The Airavateshwara temple stands in the village of Darasuram
is accessible through an easy 5-km bus trip (on the Thanjavur route) or
bike ride southwest of Kumbakonam. Lord Shiva is known here as "Airavateshwara",
because he was worshipped at this temple by "Airavata", the
white elephant of the King of the Gods, Indra.
The temple was built by King Rajaraja II (1146-1173 AD) in the late Chola period. In the middle of the 14th century additions were made to the existing temple, and finally the Pandya rulers completed the temple.
About The Temple
The main structure is an elongated rectangle of little height, rising into a pyramidal tower at the western end. Round about are many other buildings, all within the same enclosure - a characteristic of the Dravidian style to follow. The pillars are typical of those of this period with scalloped capitals and bases and brackets with a Cyma Recta curve over the capital. The plastic ornamentation of the tower though good is rather clustered and produces a feeling of confusion. The porch is in the form of a wheeled chariot drawn by elephants.
The Exquisitely Made Figurines
Entrance is through a large Gopura (also spelt as Gopuram) gateway, 1m below ground level, in the main wall, which is topped with small reclining Bull figures. Inside the main building is set in a spacious courtyard. Next to the inner sanctuary, fronted by an open porch, the steps of the closed Mandapam feature elegant curled balustrades decorated with Elephants and 'Makaras' (mythical crocodiles with floriated tails). At the corners, rearing horses and wheels make the whole into a chariot. Elsewhere, clever sculptural puns include the head of an elephant merging with that of a bull.
Fine Chola black basalt images in wall niches in the Mandapam and the inner shrine include Nagaraja, the Snake-King, with a hood of Cobras, and 'Dakshinamurti', the "south-facing" Lord Shiva as teacher, expounding under a banyan tree. One rare image shows Lord Shiva as "Sharabha" (partly man, beast and bird) destroying the man-lion incarnation of Lord Vishnu, Lord Narasimha - indicative of the animosity between the Shaivite and Vaishnavite cults.
Sharabha, in his own separate small Mandapam, is approached by a flight of steps. Fanged 'Dvarpala' (door guardians) in 'Raudra' (furious) mood flank the shrine entrance. Each possesses a club, their four hands in an attitude denoting threat (tarjani) with Lord Shiva's trident, and the 'Trishula', wound into their hair.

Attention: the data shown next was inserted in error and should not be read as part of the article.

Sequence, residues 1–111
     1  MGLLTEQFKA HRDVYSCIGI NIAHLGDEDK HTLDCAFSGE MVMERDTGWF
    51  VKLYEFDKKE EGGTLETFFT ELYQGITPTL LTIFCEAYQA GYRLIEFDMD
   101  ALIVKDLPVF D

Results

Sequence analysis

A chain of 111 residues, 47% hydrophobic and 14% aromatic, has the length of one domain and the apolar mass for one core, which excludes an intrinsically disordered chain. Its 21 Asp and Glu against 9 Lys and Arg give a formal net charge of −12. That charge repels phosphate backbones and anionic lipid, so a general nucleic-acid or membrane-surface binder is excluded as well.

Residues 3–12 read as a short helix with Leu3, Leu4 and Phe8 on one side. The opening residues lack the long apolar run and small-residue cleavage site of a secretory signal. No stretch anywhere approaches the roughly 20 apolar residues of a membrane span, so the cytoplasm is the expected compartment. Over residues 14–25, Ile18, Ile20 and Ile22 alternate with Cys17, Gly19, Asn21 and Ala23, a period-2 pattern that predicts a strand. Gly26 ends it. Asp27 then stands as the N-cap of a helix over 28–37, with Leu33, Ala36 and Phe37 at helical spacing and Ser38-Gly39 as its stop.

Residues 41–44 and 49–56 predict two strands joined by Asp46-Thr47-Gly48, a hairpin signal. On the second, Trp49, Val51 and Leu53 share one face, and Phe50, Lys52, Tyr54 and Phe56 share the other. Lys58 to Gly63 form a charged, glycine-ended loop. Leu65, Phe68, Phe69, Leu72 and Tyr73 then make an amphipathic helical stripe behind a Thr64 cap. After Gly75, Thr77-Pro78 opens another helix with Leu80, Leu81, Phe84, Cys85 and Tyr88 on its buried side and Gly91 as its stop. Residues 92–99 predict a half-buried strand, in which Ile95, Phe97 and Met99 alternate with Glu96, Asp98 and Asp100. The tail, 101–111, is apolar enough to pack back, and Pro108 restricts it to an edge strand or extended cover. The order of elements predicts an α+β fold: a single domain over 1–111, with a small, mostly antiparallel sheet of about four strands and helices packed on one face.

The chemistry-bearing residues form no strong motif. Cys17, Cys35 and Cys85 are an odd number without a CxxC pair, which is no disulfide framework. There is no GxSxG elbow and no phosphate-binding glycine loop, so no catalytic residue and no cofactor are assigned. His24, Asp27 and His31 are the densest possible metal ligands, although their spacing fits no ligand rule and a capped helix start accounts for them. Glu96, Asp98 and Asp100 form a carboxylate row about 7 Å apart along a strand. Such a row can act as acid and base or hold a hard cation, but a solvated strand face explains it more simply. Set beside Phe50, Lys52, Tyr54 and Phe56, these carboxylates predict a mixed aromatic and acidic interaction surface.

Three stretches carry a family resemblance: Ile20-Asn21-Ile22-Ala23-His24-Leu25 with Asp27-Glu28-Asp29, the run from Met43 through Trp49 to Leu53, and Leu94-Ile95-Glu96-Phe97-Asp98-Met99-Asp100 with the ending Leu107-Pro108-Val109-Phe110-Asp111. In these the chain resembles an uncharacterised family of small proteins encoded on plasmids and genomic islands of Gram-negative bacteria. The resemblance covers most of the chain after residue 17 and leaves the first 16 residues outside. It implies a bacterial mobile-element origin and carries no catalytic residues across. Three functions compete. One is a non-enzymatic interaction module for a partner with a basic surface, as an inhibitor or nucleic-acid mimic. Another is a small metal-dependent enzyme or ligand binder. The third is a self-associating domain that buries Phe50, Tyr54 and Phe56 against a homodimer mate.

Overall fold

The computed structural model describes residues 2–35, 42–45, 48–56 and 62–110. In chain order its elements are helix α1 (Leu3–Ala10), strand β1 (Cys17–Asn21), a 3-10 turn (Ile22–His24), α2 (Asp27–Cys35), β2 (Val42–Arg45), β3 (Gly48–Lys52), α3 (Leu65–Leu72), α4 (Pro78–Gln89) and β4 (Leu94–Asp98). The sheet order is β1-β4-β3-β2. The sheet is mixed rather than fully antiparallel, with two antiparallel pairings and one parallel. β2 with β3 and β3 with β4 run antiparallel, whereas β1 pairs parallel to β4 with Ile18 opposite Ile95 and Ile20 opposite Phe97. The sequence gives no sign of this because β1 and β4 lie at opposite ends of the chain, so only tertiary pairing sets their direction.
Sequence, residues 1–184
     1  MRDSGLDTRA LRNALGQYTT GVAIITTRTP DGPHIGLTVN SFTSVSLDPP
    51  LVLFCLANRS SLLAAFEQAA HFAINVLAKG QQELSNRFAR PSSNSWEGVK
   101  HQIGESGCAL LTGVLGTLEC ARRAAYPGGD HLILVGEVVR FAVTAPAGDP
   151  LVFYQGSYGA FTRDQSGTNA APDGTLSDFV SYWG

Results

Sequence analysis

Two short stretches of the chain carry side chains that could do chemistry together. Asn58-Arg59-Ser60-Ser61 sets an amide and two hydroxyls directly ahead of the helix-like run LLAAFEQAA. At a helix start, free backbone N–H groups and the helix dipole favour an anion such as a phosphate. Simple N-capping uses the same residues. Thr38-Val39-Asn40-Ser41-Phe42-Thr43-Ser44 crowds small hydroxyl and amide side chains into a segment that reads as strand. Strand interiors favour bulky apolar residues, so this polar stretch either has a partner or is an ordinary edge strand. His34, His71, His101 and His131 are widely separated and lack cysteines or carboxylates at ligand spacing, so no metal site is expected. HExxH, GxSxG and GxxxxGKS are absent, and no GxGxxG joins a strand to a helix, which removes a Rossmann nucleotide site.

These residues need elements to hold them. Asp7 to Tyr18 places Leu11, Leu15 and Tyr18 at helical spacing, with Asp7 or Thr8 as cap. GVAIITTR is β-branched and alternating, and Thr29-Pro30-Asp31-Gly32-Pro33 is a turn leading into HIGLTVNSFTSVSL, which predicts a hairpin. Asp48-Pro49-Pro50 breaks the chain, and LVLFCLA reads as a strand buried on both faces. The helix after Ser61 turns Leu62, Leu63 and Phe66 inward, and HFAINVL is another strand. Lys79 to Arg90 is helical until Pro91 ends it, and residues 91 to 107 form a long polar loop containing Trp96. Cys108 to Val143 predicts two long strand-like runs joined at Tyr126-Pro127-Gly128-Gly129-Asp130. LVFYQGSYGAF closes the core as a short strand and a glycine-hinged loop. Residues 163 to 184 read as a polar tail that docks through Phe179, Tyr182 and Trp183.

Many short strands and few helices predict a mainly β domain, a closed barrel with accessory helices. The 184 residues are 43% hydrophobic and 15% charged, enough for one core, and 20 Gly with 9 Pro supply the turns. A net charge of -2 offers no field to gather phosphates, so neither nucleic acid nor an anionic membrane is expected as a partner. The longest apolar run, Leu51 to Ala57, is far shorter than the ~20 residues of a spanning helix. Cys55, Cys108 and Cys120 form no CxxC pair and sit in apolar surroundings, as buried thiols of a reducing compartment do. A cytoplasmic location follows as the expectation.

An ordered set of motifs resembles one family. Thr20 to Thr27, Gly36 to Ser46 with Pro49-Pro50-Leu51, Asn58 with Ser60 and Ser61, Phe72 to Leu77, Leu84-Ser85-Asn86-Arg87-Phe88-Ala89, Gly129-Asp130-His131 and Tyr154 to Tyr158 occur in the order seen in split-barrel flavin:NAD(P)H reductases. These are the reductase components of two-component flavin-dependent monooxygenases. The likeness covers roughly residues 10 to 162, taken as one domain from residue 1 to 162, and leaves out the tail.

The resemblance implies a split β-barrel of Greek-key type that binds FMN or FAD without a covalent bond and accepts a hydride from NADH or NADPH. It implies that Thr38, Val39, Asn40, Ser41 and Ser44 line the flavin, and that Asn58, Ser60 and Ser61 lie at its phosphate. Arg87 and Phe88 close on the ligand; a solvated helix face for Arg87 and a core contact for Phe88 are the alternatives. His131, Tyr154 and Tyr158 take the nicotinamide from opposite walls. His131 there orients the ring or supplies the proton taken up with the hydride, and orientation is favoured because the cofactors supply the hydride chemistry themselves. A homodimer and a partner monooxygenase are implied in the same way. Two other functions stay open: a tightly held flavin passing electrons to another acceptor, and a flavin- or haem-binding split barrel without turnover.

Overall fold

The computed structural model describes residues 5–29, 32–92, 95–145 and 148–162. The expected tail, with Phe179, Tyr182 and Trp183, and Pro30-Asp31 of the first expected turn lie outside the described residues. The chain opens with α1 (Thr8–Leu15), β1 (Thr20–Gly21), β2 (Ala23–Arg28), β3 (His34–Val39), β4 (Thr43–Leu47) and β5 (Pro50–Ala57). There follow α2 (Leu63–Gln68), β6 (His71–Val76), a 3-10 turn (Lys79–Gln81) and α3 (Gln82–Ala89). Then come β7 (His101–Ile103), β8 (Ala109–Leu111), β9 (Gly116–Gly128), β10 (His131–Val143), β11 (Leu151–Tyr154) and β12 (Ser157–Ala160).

The Series Of Panels
Outside, a unique series of somewhat gruesome panels, hard to see without climbing on to the base, form a band along the top of the basement of the closed Mandapam and the sanctum sanctorum. They illustrate scenes from Sekkilar's Periya Purana, one of the great works of Tamil literature.
The poem tells the stories of the Tamil Shaivite saints, the "Nayanmars", and was commissioned by King Kulottunga II, after the poet criticized him for a preoccupation with erotic, albeit religious, literature. Sekkilar is said to have composed it in the Raja Sabha at Chidambaram and when it was completed the king sat every day for a year to hear him recite it.
Legends Of Ardency
Each panel illustrates the lengths to which the saints were prepared to go to demonstrate devotion to Lord Shiva. For example, the boy Chandesha, whose job was to tend the village cows, discovered one day that they were involuntarily producing milk. He decided to bathe a Linga (also spelt as lingam) with the milk as part of his daily worship. Appalled by this apparent waste, the villagers complained to his father, who went to the field, cursed the boy, and kicked the Linga (also spelt as lingam) over. At this affront to Lord Shiva, Chandesha cut off his father's leg with an axe; he is shown at the feet of Lord Shiva and Parvati, who have garlanded him.
Another panel shows a man who frequently gave food to Lord Shiva's devotees. When his wife was reluctant to welcome and wash the feet of a mendicant who had previously been their servant, he cut off her hands. Elsewhere, a Pallava queen has her nose cut off for inadvertently smelling a flower, rendering it useless as an offering to Lord Shiva. The last panel shows the saint Sundara, who by singing a hymn to Lord Shiva, rescued a child who had been swallowed by a crocodile.
On the lowest portions of the base, rows of 'Yalis' (mythical lions) and Ganas, the dwarf attendants of Lord Shiva, dance and play musical instruments. Surrounding the main shrine, a four-metre-wide channel, created by a very low wall, is decorated with lotus patterns and badly damaged Nandis.
Road: To reach the temple tourists can also hire a
taxi from Kumbakonam, which
is well connected by trains and buses with the different parts of the
Road:The temple is an easy 5-km bus trip (on the Thanjavur route) or bike ride southwest of Kumbakonam, Thanjavur district.
Accommodation is available at the moderate class and small budgeted hotels and lodges in Kumbakonam.